What Do You, Me, and a Schizophrenic Patient Have In Common?
SEPTEMBER 17TH, 2015
Before founding The Insightful Executive, I worked in public health for many years, leading programs in poor communities all around the world, from Tunisia to Peru. But my first foray into the field was as a Medical Interpreter at a public hospital in… Brooklyn NY, working with a severely underserved patient population. It was an eye-opening experience. I learned that it’s possible for thousands of people to live in deep poverty in one of the world’s richest cities, in a marginalized, alternate reality that most New-Yorkers won’t ever see.
I have great memories of working there, and I want to share with you the story about a patient who became a “regular” in the psych ward, Elisa (not her real name). She was schizophrenic.
I’ve been thinking of Elisa lately, as I’ve come to realize that you and I have something in common with her. Let me explain.*
Elisa was known to all the staff in the psych ward. When I first met Elisa to interpret the intake with her psychiatrist, she’d been brought in by the police. She’d been detained after pushing an innocent bystander onto the subway tracks. I learned that this was not the first time; she was known to do this on a semi-regular basis.
This was my understanding of the situation: Elisa would get brought in after harming a stranger in NYC (she’d heard voices telling her to hurt someone). She would get treatment in the psych ward for a couple weeks, get stabilized with meds, and doctors would then discharge her because she was “stable”. They’d send her off with a prescription and a lecture about “you have to keep taking your medicina, ok?”. A few weeks later, the cycle would start again: she would be brought back in by the police, having hurt someone or herself. During the intake, her version of what happened would go something like this:
“I thought the angels cured me with their magic medicine because I was feeling normal again, so I stopped taking my pills.”
I lost count of how many times this happened with Elisa in the 2 years I worked in that hospital. It was sad and painful to witness this cycle. And I know you’re thinking: “But what does this have to do with me? Besides the fact that I will never again stand close to the edge of the subway platform?”
See, we’re kind of like Elisa in the sense that we don’t stay the course to see lasting change in our life. Unlike Elisa, who had a serious illness and was limited in the self-care tools she had access to, we actually ARE capable of big changes. But here’s the thing:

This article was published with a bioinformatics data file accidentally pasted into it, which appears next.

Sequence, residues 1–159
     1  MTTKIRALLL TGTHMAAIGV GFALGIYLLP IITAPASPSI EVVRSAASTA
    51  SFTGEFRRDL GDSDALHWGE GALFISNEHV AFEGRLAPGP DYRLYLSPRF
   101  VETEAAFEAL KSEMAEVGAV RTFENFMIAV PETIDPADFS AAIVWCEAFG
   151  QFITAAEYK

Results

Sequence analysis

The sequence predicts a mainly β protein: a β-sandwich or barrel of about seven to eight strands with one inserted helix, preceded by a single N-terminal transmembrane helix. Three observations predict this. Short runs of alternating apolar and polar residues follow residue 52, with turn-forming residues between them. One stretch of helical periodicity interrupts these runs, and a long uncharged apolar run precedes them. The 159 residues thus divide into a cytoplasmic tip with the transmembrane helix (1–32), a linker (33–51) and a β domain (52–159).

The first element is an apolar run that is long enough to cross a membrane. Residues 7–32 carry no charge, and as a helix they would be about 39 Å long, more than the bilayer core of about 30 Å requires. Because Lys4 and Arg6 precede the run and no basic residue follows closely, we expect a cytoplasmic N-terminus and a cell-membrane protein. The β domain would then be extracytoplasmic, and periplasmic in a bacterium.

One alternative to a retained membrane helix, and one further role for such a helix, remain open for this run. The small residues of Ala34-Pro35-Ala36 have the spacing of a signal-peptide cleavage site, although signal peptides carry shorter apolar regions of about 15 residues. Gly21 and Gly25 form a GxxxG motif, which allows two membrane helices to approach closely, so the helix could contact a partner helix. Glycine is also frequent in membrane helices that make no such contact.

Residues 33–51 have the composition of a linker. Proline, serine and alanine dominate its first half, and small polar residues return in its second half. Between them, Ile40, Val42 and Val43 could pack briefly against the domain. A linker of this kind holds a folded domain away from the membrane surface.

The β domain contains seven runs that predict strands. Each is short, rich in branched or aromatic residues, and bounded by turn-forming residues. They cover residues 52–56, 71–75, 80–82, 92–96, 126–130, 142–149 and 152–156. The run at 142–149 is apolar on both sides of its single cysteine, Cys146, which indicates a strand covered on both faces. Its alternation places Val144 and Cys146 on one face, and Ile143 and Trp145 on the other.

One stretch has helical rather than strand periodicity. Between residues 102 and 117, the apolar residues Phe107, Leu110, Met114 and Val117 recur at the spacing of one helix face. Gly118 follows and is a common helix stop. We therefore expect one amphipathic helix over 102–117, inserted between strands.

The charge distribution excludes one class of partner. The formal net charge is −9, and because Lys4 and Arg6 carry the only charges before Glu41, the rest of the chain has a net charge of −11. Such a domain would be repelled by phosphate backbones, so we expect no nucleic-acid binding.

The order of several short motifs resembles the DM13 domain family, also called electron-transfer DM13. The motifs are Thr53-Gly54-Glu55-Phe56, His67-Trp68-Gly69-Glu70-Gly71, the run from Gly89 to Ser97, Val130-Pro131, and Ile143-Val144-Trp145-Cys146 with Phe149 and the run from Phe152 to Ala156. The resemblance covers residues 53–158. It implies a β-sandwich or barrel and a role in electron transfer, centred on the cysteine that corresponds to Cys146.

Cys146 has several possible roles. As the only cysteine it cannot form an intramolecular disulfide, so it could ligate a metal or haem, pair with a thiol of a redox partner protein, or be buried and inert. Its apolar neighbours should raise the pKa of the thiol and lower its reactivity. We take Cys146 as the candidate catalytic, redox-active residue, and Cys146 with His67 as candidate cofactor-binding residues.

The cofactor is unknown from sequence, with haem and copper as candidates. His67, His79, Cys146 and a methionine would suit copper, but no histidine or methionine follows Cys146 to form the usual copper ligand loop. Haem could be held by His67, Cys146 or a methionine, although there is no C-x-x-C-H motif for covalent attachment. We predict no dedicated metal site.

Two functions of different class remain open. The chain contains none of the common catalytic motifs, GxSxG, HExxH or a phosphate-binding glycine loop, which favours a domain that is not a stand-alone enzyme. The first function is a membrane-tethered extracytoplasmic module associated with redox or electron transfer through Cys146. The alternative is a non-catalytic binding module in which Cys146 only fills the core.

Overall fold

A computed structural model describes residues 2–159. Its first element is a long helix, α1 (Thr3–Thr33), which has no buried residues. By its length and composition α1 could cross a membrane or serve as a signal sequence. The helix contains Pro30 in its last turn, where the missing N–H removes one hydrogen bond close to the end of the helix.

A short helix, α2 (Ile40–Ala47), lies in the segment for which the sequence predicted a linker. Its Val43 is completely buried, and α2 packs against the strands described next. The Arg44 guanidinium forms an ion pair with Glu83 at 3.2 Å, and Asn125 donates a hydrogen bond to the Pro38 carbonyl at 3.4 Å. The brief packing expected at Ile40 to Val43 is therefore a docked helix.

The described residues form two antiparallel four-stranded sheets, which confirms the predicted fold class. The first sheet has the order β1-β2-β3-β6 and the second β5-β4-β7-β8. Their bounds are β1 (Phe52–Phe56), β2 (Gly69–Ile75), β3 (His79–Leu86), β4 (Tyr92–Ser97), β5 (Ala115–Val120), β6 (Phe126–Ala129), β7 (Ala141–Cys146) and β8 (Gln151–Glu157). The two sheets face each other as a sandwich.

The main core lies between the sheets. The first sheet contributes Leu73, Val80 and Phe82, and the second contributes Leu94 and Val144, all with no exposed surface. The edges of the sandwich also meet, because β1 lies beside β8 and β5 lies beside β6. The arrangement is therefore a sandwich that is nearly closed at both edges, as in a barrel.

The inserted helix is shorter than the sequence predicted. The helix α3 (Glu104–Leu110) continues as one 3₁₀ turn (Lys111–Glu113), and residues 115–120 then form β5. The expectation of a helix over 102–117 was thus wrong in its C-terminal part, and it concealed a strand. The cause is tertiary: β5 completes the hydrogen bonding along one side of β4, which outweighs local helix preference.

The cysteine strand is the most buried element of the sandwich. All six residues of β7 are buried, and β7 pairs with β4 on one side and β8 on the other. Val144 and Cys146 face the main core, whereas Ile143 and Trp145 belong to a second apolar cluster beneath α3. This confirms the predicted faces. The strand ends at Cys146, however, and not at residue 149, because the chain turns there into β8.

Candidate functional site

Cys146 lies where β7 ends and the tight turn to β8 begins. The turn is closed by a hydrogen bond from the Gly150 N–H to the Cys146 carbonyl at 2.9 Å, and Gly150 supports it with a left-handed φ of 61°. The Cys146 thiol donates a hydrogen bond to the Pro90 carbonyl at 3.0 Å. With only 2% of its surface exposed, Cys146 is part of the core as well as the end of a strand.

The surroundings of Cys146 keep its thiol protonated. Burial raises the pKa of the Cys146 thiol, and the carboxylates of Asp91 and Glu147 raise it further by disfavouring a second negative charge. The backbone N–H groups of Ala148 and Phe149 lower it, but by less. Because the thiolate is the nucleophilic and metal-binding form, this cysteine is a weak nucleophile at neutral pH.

We’re lazy about our personal growth.
We’re sloppy about sticking to a commitment to go to Yoga 2 times a week (not that I’d know anything about that), or signing up for that workshop on communication skills. We go to a brilliant retreat where we learn a 3-minute stress-relief breathing exercise and we leave “sooooo inspired” to do things differently, and then we go back to work on Monday and we don’t apply what we learned in the retreat because:
“Well, I can’t do my breathing exercises because I never remember, so that means I’d have to schedule them in my calendar… and that just doesn’t jive with me because I love to be spontaneous in life, you know? So scheduling would actually mean I’m compromising who I truly am at the core, and you don’t want me to do that, do you?”
Yes, this is really the kind of excuses I hear people say to keep justifying why their lives are falling apart. (Insert womp-womp sound here).
So we make our excuses. And nothing changes, and we pretend we don’t know why. Where did all that inspiration at the retreat go?
I’ll tell you: we suffered from magical thinking, kind of like Elisa. We wanted to believe that going on that retreat, getting inspired for the weekend and jotting down notes on the breathing exercise would somehow create miracles in our life! The reality is that, if we want lasting change, it’s going to take discipline, time, energy and resources.
Still don’t believe that we’re all guilty of magical thinking? Here are other examples of what that might sound like:
“I don’t understand why my girlfriend and I keep fighting about sex. I mean, we talked about it once 6 months ago, for a whole 45 minutes! You’d think our issues would have been resolved by now.”
Or: “I told my new employee at his review last November that I’d like to see him work harder to build relationships with clients, and I hoped he’d figure it out on his own… but I guess he must be incompetent.”
A fundamental change in the results we see in our life is always preceded by a fundamental change in our habits and behaviors. Yep, it’s going to take weeks or months of daily intention setting followed by implementation, conversations, and other tangible actions on your part.
So here’s the challenge for you this week: Can you catch yourself applying magical thinking in an area of your life? Where are you hoping for change, reading books about it and getting “soooo inspired”, but not really doing what’s needed to drive change?
Finally, here’s four things you can do with this message:
- Print it up and make “Wisdom Confetti” out of it (not so nice for the trees and doesn’t do much for your life).
- Share it with a friend you adore and who will appreciate hearing from you.
- Share a comment below, and tell us where magical thinking shows up in your life and what you plan to do about it. It’ll make my day. Promise.
- Do nothing. At your own risk.